Our "biological age," which reflects signs of age-related decline in our cells and tissues, doesn't steadily increase along with our chronological age. Instead, new research suggests that biological aging can accelerate during stressful events and then reverse after those events.
In other words, there are measurable biological markers linked to age-related changes in cell function, and these markers can appear in times of stress and then disappear during recovery.
Scientists already knew that biological age's relationship to chronological age was somewhat flexible. But now, researchers say they have uncovered the possibility of biological age reversal.
Biological age is "much more dynamic than people previously thought," Jesse Poganik, a postdoctoral researcher and chemical biologist at Harvard Medical School who led the new research, told Live Science. "You can have these very severe stress events, which trigger an increase in the biological age, but it can be short-lived, if the stress is short-lived, and then the age can be restored."
In a study published Friday (April 21) in the journal Cell Metabolism, researchers examined the effects of short-term but extreme physiological stress on the biological ages of mice and humans.
They used what are known as DNA methylation clocks to quantify epigenetic (meaning "above" or "on top of" genetics) modifications in the structure of DNA that are tightly linked to aging. DNA methylation refers to a process where small molecules, called methyl groups, are added to the surface of a DNA molecule and help control how and when particular genes can be turned "on" or "off." Evidence suggests that patterns of DNA methylation shift across the life span and reflect biological aging.
While these epigenetic changes are linked to aging, in this study, the team didn't directly test what impact these changes had on cellular functions.
The team first tested the flexibility of biological age in mice. They surgically joined pairs of young and older mice so that their bloodstreams merged for three months, which led to a significant increase in the biological age of the younger mice. After separating the mice for two months, the researchers found that the increase in age had been reversed.
Next, the researchers investigated shifts in the biological ages of people who were either undergoing major surgery, giving birth or receiving intensive care for severe COVID-19 infections. Blood samples from older emergency surgery patients showed a spike in biological age within 24 hours of their operations, but their ages dropped back down to their pre-surgery levels within one to two weeks.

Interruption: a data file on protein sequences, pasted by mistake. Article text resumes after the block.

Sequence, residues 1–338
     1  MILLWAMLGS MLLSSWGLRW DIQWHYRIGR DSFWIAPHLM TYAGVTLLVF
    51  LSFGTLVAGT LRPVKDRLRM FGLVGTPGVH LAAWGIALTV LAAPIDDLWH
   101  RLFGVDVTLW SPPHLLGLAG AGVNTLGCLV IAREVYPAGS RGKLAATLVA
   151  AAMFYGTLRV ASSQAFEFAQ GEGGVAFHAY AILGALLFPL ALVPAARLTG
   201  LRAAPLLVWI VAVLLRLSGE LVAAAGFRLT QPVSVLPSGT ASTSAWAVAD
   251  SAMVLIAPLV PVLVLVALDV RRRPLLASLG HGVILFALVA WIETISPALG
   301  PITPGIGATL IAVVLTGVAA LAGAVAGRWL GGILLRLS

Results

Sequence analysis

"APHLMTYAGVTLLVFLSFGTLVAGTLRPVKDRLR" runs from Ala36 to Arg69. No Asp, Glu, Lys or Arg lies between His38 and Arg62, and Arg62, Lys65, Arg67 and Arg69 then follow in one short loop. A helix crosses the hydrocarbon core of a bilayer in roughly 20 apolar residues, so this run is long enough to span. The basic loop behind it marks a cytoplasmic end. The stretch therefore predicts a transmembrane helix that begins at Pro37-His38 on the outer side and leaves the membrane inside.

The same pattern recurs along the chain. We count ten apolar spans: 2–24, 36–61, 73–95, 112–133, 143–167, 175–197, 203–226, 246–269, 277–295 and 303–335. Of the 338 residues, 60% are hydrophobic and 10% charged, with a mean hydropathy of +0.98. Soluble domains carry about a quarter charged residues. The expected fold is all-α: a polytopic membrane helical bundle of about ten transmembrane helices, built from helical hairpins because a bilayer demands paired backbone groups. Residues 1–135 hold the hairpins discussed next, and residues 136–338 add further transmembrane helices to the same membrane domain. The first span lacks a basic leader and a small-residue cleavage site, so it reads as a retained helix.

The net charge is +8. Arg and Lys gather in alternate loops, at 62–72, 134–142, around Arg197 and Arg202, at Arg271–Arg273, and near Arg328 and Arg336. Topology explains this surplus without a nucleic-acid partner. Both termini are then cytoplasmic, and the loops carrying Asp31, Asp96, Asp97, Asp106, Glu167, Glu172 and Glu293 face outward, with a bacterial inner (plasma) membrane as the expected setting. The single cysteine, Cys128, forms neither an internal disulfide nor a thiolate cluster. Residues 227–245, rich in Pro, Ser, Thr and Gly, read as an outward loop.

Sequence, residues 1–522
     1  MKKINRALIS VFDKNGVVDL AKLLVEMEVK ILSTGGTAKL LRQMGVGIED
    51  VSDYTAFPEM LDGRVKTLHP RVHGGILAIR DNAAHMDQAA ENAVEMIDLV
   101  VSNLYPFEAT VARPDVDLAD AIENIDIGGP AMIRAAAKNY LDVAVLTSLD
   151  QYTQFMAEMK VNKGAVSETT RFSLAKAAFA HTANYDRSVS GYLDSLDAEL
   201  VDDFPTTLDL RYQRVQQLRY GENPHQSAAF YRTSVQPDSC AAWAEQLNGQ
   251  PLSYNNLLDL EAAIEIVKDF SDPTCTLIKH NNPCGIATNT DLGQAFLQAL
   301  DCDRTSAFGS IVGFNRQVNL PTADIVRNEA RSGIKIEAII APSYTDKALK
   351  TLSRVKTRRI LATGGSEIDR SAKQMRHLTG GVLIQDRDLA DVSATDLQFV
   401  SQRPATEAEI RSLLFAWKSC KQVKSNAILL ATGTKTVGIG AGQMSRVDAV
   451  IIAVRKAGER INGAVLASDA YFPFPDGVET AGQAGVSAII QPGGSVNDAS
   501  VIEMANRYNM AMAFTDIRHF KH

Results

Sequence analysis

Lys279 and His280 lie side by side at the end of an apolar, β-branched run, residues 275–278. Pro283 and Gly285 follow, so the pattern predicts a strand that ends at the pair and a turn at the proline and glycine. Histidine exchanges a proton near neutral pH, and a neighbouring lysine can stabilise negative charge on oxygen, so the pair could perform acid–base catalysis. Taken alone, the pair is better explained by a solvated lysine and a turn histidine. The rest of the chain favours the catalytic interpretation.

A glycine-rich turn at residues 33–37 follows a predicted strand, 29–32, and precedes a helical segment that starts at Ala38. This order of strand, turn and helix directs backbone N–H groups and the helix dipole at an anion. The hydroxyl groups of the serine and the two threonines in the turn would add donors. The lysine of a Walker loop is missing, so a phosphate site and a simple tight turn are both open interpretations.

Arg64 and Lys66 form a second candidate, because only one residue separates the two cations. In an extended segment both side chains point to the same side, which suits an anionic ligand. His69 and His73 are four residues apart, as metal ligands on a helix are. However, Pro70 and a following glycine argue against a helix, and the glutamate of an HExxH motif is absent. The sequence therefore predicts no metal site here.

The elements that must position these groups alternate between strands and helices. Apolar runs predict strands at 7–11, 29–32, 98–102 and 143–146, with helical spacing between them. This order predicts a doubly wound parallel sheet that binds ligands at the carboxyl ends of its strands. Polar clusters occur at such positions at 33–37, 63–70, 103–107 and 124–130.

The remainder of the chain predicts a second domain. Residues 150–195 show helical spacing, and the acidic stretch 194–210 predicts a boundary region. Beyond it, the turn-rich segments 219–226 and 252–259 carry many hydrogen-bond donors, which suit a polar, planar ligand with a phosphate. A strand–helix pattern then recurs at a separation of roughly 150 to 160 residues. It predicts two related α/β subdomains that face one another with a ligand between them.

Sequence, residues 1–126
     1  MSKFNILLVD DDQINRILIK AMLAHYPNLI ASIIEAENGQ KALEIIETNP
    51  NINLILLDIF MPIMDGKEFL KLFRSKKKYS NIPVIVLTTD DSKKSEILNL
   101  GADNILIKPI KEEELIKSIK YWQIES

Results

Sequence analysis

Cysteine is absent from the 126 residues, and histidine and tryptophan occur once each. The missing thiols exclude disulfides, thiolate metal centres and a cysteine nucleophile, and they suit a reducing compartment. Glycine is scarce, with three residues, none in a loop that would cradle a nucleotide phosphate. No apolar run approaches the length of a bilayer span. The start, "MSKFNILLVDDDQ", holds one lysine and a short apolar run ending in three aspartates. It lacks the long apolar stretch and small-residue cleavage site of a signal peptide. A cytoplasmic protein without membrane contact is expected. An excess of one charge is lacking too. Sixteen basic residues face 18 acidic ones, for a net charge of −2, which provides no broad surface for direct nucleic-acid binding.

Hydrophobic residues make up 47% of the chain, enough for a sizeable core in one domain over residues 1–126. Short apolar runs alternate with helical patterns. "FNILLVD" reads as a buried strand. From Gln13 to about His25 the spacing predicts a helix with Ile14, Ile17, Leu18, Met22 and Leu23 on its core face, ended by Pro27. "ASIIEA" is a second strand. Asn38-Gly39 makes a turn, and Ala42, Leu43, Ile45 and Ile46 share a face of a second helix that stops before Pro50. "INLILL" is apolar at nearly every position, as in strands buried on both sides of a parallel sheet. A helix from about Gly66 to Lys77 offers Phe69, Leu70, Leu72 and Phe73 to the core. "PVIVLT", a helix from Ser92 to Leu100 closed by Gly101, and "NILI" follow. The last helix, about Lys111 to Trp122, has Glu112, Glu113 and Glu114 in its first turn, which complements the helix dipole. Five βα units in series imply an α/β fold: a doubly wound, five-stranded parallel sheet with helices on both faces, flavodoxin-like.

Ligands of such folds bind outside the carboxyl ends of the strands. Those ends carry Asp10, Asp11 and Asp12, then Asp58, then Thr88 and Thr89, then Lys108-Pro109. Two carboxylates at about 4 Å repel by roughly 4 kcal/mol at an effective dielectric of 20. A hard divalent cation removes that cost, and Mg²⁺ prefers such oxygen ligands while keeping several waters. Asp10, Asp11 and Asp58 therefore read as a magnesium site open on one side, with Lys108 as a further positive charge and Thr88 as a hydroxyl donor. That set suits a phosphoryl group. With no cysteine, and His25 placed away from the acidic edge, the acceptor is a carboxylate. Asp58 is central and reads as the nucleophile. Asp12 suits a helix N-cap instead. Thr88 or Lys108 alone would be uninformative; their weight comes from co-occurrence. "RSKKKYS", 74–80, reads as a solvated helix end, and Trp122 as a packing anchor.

The COVID-19 patients who survived the infection, however, did not bounce back so quickly. While women returned to their pre-COVID biological ages within two weeks, men did not seem to recover. This means that, from a biological age perspective, the time frame for recovery might depend on the type of stress and on sex.
In blood samples from pregnant people, the researchers detected a peak in biological age around the time the baby was born, which returned to its previous level within six weeks postpartum, on average.
While the study makes no conclusions about the effect of these biological U-turns on lifelong aging, failure to recover from stressful events may speed up aging, Poganik said. "Over the lifespan, you can accelerate the entire trajectory."
These fluctuations in biological age, which the researchers say are clearly visible in physiologically taxing situations, are unlikely to arise from everyday stress. "You probably wouldn't see it with mild day-to-day, having a bad day at work, kind of stress," Poganik said.
The results may point to an opportunity to test anti-aging drugs. "If you can identify a model where age is transiently elevated, you could potentially use recovery from that elevation to test the effects of different drugs," Poganik said.
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Sascha is a U.K.-based trainee staff writer at Live Science. She holds a bachelor’s degree in biology from the University of Southampton in England and a master’s degree in science communication from Imperial College London. Her work has appeared in The Guardian and the health website Zoe. Besides writing, she enjoys playing tennis, bread-making and browsing second-hand shops for hidden gems.